The Pillow Book of Sei Shonagon is a spontaneous, playful diary filled with visual and sensory detail. Most importantly, it’s opinionated, vibrant, and gossipy. She observes and comments on her world in the Japanese Emperor’s court without restraint, sharing her opinions on everything.
There is no way she could have known that her diary would become part of the canon of Japanese literature, and thank goodness for that because otherwise she never would have written about the minor events that make her world so rich and vivid to us, a thousand years later.
Sei Shonagon means Minor Councillor. We don’t know her real name, but we know she was a member of the Kiyohara clan. She was a lady in waiting to the Empress of Japan, and she masterfully played the game of court intrigue. She was a poet, and many of the stories in her diary revolve around exchanges of poetry with other high class court members. But it wasn’t just poetry they were exchanging — poetry was just the vehicle. They were actually moving pieces around the chess board, influence trading, exchanging favours, and especially, they were seducing each other.
The Heian period was a time of great sexual license for upper class women. Taking lovers was not just tolerated, it was expected — even for young women. The seduction ritual included not solely poetry, but the choice of paper the poetry was written on, the style of calligraphy, the ink, the folding of the paper, the choice of flower or branch the paper was wrapped around, and whether or not it was accompanied by a gift. Every detail mattered. Once the two potential lovers actually met, there were other barriers to be passed — not the least of which was the actual wall or screen the woman was hiding behind.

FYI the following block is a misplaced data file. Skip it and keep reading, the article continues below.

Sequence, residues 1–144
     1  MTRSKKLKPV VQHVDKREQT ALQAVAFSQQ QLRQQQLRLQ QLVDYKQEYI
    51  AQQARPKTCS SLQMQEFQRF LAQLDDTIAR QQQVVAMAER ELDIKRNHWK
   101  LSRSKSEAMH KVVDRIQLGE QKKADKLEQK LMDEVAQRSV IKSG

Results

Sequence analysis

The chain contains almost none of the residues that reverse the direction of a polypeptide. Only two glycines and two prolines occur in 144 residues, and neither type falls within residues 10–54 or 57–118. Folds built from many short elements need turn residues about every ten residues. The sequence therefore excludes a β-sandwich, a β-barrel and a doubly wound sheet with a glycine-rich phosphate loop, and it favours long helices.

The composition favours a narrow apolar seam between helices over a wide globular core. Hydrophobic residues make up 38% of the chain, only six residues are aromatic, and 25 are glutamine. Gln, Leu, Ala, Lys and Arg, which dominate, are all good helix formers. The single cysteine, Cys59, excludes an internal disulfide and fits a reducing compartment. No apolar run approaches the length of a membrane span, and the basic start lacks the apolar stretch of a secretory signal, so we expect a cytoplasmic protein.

How do we know all this? Because Sei Shonagon wrote about it. It’s delightfully alien and undeniably kinky.
Not only does she tell the tale of all these seductions and dish the dirt on her friends and frenemies, she makes lists — 164 in total. It’s these lists that I love the best. She lists things that she loves, hates, what bugs her, what makes her depressed, what’s attractive and fashionable, what a man should do to be manly, what a woman should do to be womanly, wholesome things, disgusting things… the lists go on and on. Some are poetic: Things That Pass by Rapidly or Things That were Good in the Past But are Useless Now. Some are banal: Things That Look Hot and Uncomfortable or Things That are Squalid. They are all fascinating.
The Pillow Book is basically a personal blog written a thousand years ago. Sei Shonagon wrote it for the same reasons people write blogs today — to observe and comment on her world and experiences without restraint, and with no particular expectation that anyone would read it or care what she wrote. But what she gave us was a miracle. She created a window into her world that is so lifelike and detailed that we can almost step through and commit the time travel we all yearn for.